The two major party candidates for State Agriculture Secretary differ on the proper approach to organic farming.

Republican Bill Northey is a corn and soybean farmer, while Democrat Denise O’Brien and her husband raise poultry and grow apples and strawberries using organic farming practices. “It’s the most successful part and profitable part of agriculture and we should be able to give people the opportunity to raise those crops,” O’Brien says. “We live in the Midwest where we have a regional food system that we can supply large amounts of fruits and vegetables to a market that there’s a demand for. We are not meeting currently in this country the demand for organic products, of fruits and vegetables and of milk.”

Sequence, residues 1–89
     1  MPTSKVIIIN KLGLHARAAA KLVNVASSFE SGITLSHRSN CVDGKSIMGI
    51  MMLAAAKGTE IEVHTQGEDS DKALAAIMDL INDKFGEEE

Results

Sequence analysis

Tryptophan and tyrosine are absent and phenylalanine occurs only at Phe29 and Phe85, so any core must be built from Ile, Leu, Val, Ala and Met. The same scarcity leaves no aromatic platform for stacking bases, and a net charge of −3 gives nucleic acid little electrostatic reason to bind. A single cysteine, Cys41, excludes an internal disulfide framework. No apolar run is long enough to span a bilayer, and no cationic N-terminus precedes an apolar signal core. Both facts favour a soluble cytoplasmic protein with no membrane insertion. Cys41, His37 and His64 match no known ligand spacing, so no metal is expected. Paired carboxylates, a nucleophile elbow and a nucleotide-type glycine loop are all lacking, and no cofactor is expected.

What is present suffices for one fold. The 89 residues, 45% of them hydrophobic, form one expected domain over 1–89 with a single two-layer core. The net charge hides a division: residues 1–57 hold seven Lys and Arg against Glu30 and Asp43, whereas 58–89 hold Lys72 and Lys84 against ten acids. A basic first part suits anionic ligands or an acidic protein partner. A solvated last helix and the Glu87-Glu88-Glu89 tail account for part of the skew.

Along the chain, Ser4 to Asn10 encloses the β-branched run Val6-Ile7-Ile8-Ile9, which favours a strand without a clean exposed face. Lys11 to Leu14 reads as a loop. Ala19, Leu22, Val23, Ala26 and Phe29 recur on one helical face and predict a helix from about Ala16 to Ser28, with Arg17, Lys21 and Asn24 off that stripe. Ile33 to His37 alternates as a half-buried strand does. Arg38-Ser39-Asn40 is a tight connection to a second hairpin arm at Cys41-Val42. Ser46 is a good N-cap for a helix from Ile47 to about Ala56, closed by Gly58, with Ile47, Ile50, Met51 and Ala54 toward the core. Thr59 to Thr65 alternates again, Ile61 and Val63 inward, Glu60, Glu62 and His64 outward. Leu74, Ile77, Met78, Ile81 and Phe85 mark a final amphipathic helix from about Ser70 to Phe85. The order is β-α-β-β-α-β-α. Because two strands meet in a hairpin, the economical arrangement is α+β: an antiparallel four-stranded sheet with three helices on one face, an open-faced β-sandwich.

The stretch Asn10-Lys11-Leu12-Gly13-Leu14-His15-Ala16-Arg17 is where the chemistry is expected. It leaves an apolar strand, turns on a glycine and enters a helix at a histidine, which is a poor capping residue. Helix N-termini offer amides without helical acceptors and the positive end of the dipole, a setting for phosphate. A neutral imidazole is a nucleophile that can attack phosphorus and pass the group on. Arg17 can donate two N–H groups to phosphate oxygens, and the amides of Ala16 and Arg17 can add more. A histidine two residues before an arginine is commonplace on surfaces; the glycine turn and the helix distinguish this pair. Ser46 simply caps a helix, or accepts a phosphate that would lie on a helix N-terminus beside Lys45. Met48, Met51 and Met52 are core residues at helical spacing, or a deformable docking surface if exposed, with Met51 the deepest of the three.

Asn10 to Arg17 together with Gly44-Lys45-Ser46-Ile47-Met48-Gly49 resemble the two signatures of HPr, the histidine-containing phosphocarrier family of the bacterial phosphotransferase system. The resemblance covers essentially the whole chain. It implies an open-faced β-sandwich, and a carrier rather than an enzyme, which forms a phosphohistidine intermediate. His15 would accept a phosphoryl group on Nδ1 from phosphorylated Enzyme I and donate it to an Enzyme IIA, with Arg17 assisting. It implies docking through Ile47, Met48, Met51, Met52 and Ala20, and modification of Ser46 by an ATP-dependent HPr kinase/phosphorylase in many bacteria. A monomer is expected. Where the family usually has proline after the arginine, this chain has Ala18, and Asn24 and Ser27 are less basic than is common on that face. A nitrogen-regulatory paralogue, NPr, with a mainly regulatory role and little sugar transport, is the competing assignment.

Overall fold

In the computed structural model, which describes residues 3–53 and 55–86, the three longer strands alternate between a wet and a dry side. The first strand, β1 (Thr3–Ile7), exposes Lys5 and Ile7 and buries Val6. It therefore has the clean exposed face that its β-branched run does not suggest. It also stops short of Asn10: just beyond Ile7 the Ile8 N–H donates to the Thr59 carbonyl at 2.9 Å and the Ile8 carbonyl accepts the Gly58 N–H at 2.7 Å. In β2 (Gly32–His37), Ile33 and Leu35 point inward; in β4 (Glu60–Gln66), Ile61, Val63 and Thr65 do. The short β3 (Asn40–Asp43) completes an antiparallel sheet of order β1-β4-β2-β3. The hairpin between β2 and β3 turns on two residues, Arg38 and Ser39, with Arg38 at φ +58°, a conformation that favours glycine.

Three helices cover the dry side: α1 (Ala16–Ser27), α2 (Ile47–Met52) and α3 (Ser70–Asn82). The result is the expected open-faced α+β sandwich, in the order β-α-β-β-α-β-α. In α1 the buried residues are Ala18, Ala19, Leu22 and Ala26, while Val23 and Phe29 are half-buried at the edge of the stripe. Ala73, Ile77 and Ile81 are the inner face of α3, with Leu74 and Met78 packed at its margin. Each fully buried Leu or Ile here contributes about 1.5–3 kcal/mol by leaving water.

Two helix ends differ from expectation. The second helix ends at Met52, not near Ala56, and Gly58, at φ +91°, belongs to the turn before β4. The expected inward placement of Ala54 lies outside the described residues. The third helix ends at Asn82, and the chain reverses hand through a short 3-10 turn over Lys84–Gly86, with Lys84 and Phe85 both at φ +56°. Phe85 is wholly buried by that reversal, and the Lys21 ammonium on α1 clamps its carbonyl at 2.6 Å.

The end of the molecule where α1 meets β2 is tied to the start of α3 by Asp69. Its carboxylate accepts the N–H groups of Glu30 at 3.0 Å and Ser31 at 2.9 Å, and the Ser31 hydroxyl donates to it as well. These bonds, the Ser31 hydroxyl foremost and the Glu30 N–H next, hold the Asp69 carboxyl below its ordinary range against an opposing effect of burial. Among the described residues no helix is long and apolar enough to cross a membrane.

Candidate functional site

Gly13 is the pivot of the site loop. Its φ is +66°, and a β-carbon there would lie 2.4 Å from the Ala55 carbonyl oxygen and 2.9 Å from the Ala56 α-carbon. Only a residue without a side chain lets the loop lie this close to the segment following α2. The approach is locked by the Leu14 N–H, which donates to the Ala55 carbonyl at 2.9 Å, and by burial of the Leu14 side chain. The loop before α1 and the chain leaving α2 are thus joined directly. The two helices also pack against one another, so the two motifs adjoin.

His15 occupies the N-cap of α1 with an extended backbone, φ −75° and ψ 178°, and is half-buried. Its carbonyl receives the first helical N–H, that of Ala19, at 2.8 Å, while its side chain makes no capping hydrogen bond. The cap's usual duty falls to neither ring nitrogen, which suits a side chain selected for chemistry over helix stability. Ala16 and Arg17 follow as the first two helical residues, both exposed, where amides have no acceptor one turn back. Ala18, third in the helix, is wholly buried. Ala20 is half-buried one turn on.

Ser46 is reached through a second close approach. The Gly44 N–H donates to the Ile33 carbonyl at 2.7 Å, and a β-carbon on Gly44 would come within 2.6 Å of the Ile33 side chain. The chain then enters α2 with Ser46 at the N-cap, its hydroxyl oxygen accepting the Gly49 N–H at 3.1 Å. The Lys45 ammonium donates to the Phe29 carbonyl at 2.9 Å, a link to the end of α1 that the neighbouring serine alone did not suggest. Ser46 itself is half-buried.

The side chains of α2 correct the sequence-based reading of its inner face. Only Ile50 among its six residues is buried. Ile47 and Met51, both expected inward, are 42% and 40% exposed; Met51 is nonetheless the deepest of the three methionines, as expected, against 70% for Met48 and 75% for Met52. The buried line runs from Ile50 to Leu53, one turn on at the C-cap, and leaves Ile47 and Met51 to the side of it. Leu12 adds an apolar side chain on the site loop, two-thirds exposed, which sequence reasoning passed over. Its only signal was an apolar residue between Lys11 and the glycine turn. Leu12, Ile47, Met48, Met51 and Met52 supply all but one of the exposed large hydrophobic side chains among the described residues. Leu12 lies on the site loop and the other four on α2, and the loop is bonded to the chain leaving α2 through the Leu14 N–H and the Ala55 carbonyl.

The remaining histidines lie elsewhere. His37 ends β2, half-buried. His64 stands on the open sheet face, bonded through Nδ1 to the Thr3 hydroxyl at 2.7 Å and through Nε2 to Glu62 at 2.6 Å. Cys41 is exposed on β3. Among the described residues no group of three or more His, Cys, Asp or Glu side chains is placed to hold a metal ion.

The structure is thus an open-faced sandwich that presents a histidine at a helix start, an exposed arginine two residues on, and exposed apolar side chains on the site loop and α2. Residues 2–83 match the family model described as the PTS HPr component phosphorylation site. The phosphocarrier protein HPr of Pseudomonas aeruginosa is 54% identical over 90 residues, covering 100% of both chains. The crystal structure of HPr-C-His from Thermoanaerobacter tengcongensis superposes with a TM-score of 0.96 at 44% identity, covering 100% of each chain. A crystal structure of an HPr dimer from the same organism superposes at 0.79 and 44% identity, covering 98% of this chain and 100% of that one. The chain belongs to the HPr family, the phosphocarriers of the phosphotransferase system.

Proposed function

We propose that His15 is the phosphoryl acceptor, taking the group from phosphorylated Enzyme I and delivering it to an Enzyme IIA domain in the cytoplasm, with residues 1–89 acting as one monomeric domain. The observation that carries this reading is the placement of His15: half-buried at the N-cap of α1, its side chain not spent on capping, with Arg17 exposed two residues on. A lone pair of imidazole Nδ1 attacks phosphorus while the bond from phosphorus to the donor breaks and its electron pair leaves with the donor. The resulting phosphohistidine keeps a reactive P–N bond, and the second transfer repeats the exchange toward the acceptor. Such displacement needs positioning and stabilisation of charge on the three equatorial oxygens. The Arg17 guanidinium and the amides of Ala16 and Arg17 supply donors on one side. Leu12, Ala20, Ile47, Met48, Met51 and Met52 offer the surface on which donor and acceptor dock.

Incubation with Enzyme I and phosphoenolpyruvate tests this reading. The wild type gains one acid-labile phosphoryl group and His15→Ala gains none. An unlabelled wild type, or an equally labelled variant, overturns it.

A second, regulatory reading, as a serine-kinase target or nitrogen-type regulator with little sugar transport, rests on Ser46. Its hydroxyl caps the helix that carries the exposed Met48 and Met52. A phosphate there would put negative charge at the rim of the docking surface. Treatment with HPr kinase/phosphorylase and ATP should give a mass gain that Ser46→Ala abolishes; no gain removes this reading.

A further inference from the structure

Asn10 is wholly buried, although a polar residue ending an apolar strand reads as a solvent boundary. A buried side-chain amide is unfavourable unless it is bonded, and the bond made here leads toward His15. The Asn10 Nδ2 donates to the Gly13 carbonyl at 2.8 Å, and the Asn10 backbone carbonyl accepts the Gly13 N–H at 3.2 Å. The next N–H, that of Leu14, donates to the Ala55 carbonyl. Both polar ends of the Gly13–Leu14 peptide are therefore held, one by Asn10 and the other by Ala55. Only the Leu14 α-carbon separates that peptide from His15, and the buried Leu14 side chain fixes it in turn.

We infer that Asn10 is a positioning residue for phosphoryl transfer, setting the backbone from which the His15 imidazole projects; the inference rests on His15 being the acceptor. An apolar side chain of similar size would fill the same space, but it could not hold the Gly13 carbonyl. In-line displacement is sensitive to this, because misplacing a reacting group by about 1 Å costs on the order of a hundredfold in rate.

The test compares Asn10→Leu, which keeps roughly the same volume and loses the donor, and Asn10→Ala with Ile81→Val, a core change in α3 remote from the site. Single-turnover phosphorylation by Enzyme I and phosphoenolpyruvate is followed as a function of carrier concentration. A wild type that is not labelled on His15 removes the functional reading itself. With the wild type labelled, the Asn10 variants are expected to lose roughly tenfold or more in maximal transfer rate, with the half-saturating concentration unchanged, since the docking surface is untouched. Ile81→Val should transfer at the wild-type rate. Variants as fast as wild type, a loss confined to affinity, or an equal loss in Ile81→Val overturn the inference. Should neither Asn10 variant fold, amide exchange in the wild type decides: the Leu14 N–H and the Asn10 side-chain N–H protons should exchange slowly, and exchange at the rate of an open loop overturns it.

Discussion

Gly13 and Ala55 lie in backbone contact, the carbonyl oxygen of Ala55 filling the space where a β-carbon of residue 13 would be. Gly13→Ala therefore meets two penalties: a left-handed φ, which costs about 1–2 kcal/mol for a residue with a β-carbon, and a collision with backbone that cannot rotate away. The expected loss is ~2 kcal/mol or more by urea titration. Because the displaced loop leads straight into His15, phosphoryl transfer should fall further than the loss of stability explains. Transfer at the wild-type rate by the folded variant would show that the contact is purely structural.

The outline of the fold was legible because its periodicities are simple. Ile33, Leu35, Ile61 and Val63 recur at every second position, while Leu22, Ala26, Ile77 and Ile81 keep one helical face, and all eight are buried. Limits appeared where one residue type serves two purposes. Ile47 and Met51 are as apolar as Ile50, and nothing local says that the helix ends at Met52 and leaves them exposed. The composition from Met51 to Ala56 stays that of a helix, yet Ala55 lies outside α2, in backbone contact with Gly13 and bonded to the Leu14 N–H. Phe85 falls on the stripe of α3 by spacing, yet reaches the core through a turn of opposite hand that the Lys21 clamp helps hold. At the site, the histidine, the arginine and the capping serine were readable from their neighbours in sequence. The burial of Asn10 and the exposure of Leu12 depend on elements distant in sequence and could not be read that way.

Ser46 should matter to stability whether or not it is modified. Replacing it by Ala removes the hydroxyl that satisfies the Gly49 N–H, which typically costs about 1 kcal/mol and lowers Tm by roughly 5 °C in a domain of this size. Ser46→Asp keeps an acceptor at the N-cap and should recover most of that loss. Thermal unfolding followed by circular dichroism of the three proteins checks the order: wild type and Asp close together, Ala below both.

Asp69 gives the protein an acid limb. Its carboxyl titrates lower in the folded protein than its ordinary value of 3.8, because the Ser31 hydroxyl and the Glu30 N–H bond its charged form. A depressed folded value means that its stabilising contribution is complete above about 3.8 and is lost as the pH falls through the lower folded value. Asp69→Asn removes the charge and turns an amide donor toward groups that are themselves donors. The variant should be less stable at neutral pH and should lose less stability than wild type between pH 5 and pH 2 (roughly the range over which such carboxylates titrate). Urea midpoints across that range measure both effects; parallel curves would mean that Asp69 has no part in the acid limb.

O’Brien says government regulations should require buffer strips between a field where genetically-modified seeds have been planted and an organic farmer’s field so the pollen from those GMO plants doesn’t “contaminate” the organic crop.

Northey opposes government restrictions on where those genetically-modified seeds can be planted. “I don’t think it’s the responsibility of a neighboring farmer to an organic farmer to not plant biotech crops if they want to. These are crops that have been tested nationally, millions of dollars have been spent on (testing). They’re safe,” Northey says. “The contamination is just a market question (and has) nothing to do with safety.”

An “organic food” designation is denied crops grown near fields where pollen that might drift over from plants that sprouted out of genetically-modified seeds. The two candidates made their comments Friday during an appearance on Iowa Public Television.